Using Zero Trust Networking in Cloud Migrations
Moving workloads to the cloud has many benefits, and one that is often overlooked is the opportunity to modernize your network.
In a traditional “perimeter-based” architecture, users and devices are authenticated and authorized on a device-by-device basis when connecting remotely via VPN.
The perimeter approach to securing access worked reasonably well when the majority of data was kept within company walls and accessed by a few employees, but as the past few years have shown us: workers are increasingly remote, probably using their own devices but most definitely increasing their thirst for data and cloud-based services.
Something’s gotta give!
The Zero Trust security framework (or architecture) allows you to protect your data without burdening your users with excessive authentication and authorization processes. As companies accelerate their cloud migrations today, mature organizations are seizing the opportunity to holistically rethink how they secure their data and applications. The perimeter network model is often the last to go, but consider this:
Limit your Blast Radius
Network and account segmentation reduces the attack surface for workloads in the cloud.
In our data centers, or “on premises”, network segmentation often meant that we would have one production environment and host all of our applications there. One breach though, and an attacker could often move laterally from one production app to another. In the cloud, we can cheaply (read: free) segment each production application into its own network, and make the only interface to data via secure APIs.
Sure, this requires planning and configuration to be properly implemented, but a cloud migration initiative is the perfect time to do this: You have the skills and resources spun up already, and often the desire to improve the status-quo.
Your Identities are the Perimeter!
With data securely stowed away behind your application layer, the path to access that data is secured via authentication and authorization (IAA). As technology has evolved, so have our behaviors and expectations.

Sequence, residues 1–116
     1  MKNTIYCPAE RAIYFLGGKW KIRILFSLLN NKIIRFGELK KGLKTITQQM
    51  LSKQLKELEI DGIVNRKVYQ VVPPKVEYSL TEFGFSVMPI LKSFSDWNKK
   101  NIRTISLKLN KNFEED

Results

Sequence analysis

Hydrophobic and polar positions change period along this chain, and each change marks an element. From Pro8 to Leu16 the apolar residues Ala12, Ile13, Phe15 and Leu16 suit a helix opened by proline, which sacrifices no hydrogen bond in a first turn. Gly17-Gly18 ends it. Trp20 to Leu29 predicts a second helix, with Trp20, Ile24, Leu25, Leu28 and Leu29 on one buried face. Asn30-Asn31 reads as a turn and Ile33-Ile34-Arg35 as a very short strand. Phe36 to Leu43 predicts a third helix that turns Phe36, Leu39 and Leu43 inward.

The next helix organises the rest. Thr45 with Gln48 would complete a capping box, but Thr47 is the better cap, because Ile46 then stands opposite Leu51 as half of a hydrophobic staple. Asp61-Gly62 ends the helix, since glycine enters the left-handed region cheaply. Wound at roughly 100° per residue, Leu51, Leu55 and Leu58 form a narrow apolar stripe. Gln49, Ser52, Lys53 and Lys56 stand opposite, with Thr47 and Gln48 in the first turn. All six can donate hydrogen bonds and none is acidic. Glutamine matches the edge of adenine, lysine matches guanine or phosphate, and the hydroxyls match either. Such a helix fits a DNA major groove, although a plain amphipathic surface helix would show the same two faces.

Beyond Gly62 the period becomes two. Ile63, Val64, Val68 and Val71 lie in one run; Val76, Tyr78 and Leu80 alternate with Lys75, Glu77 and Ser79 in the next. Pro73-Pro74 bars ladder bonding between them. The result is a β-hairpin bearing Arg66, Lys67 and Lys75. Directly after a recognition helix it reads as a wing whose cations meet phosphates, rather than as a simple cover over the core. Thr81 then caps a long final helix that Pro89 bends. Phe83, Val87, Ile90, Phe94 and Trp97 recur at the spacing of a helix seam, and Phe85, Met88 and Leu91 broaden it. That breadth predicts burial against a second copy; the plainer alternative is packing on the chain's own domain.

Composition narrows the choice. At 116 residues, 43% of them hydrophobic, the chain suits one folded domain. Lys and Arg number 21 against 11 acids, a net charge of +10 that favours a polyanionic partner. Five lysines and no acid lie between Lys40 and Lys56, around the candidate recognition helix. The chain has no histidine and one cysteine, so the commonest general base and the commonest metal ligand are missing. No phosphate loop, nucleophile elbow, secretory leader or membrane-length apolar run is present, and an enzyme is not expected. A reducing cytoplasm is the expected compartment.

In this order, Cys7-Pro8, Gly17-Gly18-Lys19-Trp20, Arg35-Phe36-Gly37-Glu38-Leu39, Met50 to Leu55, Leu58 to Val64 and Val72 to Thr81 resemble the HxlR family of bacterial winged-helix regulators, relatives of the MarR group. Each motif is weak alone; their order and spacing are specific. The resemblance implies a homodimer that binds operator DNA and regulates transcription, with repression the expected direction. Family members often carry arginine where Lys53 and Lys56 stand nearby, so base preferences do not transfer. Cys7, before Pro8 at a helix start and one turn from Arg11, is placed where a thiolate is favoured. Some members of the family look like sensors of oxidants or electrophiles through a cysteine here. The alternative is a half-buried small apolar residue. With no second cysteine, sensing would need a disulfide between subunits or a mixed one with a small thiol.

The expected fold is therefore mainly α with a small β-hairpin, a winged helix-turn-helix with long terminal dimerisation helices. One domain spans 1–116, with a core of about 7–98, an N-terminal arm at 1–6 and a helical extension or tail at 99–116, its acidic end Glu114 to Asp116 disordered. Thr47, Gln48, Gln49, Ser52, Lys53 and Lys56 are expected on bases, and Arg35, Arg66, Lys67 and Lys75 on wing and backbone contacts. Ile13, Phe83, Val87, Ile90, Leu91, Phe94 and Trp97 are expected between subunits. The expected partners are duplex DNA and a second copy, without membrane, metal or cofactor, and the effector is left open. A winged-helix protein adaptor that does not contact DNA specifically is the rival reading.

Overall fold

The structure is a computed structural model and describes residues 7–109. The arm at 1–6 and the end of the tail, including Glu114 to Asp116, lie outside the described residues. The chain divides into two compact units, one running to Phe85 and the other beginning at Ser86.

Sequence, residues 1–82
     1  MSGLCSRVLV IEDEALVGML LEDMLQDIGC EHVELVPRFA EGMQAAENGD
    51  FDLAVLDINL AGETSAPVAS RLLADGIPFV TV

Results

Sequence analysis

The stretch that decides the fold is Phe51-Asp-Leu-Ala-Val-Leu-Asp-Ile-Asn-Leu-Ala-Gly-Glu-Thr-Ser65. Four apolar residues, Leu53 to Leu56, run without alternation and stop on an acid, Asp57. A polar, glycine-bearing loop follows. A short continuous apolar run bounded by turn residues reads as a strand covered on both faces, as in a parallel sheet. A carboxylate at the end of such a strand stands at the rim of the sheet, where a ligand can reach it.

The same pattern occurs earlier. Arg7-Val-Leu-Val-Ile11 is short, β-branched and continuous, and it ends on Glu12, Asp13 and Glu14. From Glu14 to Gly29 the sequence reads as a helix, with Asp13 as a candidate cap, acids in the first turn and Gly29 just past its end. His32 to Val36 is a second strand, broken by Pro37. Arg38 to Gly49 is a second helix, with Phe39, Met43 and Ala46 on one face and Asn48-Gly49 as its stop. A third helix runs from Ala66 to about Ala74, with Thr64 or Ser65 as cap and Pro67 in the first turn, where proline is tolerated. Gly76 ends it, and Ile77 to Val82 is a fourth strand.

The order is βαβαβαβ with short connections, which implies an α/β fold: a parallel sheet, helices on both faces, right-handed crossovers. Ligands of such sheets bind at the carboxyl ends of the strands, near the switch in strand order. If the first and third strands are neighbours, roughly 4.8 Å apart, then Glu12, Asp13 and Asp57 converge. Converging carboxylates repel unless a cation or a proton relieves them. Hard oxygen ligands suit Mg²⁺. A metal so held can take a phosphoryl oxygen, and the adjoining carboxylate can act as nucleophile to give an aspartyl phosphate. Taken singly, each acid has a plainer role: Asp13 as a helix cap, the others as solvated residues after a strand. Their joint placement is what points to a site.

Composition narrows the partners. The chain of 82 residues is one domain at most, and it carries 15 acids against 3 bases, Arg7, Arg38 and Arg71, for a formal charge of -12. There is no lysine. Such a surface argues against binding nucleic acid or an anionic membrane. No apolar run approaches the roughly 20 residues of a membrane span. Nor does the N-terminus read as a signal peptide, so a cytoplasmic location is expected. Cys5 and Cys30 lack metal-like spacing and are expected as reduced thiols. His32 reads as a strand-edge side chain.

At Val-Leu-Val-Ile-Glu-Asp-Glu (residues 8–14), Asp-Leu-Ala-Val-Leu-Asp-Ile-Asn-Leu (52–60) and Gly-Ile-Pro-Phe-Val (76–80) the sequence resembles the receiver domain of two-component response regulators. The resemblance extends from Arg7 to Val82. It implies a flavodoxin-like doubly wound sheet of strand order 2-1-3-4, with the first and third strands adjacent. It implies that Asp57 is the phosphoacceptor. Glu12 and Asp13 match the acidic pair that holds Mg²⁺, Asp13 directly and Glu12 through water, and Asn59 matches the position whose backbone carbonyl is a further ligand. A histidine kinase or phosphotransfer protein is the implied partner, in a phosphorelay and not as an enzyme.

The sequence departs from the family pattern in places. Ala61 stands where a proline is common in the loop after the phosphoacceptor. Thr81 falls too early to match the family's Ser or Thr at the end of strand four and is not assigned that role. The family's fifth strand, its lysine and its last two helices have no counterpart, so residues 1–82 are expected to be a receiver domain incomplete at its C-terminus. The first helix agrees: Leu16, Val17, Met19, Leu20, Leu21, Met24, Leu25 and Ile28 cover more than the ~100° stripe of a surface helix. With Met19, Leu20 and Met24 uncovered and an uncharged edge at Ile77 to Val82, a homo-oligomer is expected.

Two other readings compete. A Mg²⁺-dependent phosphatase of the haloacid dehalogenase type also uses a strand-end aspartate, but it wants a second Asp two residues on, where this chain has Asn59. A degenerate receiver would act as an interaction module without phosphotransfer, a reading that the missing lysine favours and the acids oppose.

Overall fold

Nowadays, we benefit from the more secure Multi-factor authentication (MFA) in a variety of applications from GMail and Microsoft 365, to Facebook and more. Users are so accustomed to this in their personal computing, that introducing MFA into corporate settings is no longer a change management problem.
In addition to MFA, modern cloud IAA systems allow you to configure conditional access policies which allow you to provide additional layers of security for sensitive data by requiring additional credentials from users.
More secure, and more predictable migration timelines.
With a Zero Trust approach to your cloud architecture, if when a threat actor gains access to one instance of a workload, they are far less likely to then be able to “pivot” or move laterally through the network.
Using zero trust networking can help you deal with the complexity of migrating workloads to the cloud, making your migration initiative faster and more predictable. One of the ways this is achieved, is by employing templates and modules of infrastructure code such as terraform and being able to stamp out additional environments more quickly and repeatedly, without having to worry about IP planning, network peering, firewall rules and other traditional networking concerns.
Zero trust’s approach to networking aims to secure applications by assuming that attackers may have already breached other parts of your systems. It requires you to think about cloud as a different paradigm, and avoid re-creating your on-premises network topologies in the first place.
Reach out if you have stories about how pivoting from hub-and-spoke only networking in the cloud to isolated VPCs and VNETs has improved your performance or opsec. I’d love to hear.
David Colebatch is the Chief Migration Hacker at Tidal. Connect on twitter at @dcolebatch or follow on LinkedIn.